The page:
Take a modern device, attach it to an ancient farming implement and what do you have? Well in one central Asian country - a wry political comment.
In a nation with strong farming tradition, the everyday farming hoe is a national symbol. And for Uzbeks, the hoe - or "ketmon" - has recently taken on a new significance in light of the country's economic wobbles. Cotton is Uzbekistan's biggest export, but the economy also relies heavily on sales of gas and other natural resources. The price of gas has been sagging on world markets and Russia - Uzbekistan's main trading partner - has been hit hard by the impact of western sanctions imposed over the crisis in Ukraine.
All of that has led to the Uzbek currency dropping in value on the black market which in turn has driven up the price of imported goods. In response, some enterprising Uzbeks have been strapping their smartphones to ketmons - making the jokey point that foreign-made selfie sticks are unnecessary when there's a perfectly acceptable Uzbek alternative. Thousands have shared the pictures online. Several have suggested that large rubber bands more often used to hold together huge stacks of Uzbek notes could be refashioned to secure a phone in place on the ketmon.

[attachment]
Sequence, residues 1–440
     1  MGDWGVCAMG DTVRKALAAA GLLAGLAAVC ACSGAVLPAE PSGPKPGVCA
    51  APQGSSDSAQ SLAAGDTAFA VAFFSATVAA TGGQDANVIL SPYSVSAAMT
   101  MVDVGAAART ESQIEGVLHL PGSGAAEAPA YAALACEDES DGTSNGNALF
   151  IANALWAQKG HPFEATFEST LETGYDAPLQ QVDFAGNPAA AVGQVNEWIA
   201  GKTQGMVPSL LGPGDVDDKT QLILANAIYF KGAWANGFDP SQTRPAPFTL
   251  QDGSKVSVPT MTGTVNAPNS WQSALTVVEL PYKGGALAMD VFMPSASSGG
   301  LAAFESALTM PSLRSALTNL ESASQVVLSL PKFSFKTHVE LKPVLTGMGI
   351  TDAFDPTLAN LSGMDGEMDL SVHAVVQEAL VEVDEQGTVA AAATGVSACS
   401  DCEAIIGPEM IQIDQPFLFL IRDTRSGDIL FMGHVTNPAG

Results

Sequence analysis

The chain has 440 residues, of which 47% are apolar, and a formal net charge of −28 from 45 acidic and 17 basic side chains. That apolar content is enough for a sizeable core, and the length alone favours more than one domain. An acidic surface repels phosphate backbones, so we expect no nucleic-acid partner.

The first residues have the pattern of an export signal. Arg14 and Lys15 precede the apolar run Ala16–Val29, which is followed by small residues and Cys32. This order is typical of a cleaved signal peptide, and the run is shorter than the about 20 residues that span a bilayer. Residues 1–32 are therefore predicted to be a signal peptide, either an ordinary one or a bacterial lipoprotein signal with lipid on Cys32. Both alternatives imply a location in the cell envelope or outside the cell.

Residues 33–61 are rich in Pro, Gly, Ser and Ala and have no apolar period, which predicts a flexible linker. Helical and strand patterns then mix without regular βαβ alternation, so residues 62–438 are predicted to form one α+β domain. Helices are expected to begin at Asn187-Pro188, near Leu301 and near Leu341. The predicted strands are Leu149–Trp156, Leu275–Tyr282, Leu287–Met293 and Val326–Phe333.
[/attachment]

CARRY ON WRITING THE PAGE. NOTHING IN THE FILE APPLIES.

It's not the only time recently that the ketmon has been adapted for a new use on social media. Before presidential elections earlier in the year pictures of the ketmon started appearing on WhatsApp and the Russian social network Odnoklassniki. They were mostly mocking Hotamjon Ketmonov, one of the politicians running a futile campaign to unseat Islam Karimov (the only leader in the country's history, Karimov won re-election in March with 90%). Ketmonov's name is similar to the farming tool and "ketmon" is also used to mock unsophisticated rural people - similar to the American word "redneck".
Blog by Hannah Henderson
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